"Mother, father? I'm home!" she called upon entering the parlor. Immediately, two adults came running down the stairs.
"Hannah!" they cried, tears running down their faces. "Where have you been?"
He hung back as they hugged their daughter, and words streamed excitedly from her lips.
"Oh mother, you'd never believe me if I told you where I was!" she exclaimed. Then she glanced back at him, allowing her parents gazes to follow.
"Who is this, darling?"
He felt a pang of a memory as her father said darling, something long forgotten but still at the back of his mind. But he shook it away, remembering that he was happy now.
She hurriedly explained everything, rushing her words to together as she struggled to recount every detail of her absence. At the mention of his name, they looked up at him, astonished but not disbelieving. When all was said and done, his new life began, far from his old home and his old friends, but near to his beloved Hannah.
Everything would work out. He knew it.
Five years later
"Darling, can you pass me the sugar, please?"
He winced as he reached for the sugar on the table. He was sitting down to afternoon tea with Hannah, her parents, and his foster parents, and his growing discomfort with the social standards of London society was getting more and more apparent with every passing day. He glanced at Hannah, but she wasn't the same girl he had grown to love five years earlier. She was more mature, more poised, and more socially conscious, none of which were traits that he held in high regard. In other words, she had grown up.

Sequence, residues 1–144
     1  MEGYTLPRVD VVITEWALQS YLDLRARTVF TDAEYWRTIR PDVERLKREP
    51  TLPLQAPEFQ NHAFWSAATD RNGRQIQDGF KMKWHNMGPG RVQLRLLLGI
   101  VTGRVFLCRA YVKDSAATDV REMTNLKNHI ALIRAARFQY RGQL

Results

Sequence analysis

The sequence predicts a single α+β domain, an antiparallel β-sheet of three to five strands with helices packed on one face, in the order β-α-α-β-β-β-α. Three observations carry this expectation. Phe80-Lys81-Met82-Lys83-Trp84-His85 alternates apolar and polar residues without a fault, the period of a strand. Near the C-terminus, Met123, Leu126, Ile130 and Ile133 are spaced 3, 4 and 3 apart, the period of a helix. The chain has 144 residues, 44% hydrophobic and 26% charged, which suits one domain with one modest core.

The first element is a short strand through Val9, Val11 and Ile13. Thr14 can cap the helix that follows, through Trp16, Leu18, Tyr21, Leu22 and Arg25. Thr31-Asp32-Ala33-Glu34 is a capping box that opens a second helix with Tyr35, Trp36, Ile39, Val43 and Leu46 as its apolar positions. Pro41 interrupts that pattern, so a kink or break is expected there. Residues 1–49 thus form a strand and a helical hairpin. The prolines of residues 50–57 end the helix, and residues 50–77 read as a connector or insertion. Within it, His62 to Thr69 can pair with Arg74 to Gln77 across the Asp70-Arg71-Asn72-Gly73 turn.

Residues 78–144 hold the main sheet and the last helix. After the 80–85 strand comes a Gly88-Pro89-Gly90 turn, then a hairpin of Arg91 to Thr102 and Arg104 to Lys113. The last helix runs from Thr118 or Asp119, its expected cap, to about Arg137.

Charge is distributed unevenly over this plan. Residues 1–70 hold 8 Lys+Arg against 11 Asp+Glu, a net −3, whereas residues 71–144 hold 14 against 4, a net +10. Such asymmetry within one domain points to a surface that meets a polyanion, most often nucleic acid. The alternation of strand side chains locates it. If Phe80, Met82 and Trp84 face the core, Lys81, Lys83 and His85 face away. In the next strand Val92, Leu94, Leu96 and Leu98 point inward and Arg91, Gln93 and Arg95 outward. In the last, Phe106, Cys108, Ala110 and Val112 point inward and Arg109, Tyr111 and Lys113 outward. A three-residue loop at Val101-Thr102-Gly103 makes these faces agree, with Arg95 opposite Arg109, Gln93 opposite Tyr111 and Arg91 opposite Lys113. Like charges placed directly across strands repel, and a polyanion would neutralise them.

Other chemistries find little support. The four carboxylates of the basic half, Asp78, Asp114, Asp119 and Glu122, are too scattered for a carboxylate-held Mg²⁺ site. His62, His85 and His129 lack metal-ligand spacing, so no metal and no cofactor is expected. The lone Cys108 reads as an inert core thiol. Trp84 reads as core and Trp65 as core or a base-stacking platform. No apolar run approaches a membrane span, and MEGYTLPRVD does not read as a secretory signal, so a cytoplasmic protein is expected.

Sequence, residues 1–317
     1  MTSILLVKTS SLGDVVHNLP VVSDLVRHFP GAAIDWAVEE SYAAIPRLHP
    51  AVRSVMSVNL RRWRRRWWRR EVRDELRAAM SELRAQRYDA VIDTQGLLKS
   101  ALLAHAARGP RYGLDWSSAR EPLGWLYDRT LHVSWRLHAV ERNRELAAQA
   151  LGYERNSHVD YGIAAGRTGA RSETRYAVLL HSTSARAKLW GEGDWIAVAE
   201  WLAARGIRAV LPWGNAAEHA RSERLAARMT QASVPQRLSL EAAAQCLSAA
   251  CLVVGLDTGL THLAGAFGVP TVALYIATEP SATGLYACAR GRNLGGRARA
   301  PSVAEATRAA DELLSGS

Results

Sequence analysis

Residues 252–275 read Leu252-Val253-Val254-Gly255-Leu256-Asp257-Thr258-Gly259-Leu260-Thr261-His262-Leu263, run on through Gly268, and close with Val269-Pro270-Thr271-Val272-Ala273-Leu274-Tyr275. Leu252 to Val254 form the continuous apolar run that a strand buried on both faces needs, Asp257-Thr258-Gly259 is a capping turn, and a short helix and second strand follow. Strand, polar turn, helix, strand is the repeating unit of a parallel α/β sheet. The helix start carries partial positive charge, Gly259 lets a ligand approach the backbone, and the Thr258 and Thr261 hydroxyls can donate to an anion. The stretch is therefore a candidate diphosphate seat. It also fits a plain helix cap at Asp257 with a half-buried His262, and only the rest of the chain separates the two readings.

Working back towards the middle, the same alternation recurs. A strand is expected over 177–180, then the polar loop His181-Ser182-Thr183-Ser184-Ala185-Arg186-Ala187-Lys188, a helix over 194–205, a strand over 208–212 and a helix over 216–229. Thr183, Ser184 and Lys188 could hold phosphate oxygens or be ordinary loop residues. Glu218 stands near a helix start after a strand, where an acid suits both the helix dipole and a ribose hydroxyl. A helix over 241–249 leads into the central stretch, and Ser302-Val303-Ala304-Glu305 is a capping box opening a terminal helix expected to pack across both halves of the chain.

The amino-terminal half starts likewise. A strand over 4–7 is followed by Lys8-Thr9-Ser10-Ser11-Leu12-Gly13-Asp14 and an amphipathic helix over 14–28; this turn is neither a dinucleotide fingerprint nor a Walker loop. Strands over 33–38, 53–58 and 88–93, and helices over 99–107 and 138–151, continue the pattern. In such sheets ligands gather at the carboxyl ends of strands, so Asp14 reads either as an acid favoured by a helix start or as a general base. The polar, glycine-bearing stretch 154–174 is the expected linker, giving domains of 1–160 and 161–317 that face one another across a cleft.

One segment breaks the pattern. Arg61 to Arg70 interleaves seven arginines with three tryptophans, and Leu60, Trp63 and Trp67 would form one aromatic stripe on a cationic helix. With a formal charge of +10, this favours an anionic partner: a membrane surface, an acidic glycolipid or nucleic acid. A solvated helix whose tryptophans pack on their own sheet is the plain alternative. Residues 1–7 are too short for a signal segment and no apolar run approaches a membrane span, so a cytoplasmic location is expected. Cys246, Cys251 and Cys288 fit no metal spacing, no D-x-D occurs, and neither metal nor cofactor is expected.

Then again, so had he. After all the years he had tried not to, it had caught up with him. Now seventeen years old, he was practically a man, something that he wasn't particularly pleased with. Being an acceptable member of society was hard work. The multiple layers of clothing required alone were enough to drive him mad, but on top of that was the level of gossip that was spoken, the numerous traditions and manners that were used, and the insufferable small talk touched upon at tea.